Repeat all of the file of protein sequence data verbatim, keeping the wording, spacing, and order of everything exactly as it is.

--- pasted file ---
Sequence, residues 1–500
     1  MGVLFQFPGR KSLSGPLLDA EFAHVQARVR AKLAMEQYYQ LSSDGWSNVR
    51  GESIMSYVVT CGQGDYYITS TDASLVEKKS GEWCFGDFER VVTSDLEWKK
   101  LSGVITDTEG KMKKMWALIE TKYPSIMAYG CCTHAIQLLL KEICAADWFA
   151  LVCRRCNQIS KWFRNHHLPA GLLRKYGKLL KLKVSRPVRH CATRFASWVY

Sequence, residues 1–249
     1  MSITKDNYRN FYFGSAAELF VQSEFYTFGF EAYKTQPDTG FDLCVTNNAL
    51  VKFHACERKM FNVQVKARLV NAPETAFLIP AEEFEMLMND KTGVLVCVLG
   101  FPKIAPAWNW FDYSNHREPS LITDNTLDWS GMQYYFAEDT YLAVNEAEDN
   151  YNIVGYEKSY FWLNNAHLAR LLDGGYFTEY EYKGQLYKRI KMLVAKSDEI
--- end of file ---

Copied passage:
Sequence, residues 1–500
     1  MGVLFQFPGR KSLSGPLLDA EFAHVQARVR AKLAMEQYYQ LSSDGWSNVR
    51  GESIMSYVVT CGQGDYYITS TDASLVEKKS GEWCFGDFER VVTSDLEWKK
   101  LSGVITDTEG KMKKMWALIE TKYPSIMAYG CCTHAIQLLL KEICAADWFA
   151  LVCRRCNQIS KWFRNHHLPA GLLRKYGKLL KLKVSRPVRH CATRFASWVY

Sequence, residues 1–249
     1  MSITKDNYRN FYFGSAAELF VQSEFYTFGF EAYKTQPDTG FDLCVTNNAL
    51  VKFHACERKM FNVQVKARLV NAPETAFLIP AEEFEMLMND KTGVLVCVLG
   101  FPKIAPAWNW FDYSNHREPS LITDNTLDWS GMQYYFAEDT YLAVNEAEDN
   151  YNIVGYEKSY FWLNNAHLAR LLDGGYFTEY EYKGQLYKRI KMLVAKSDEI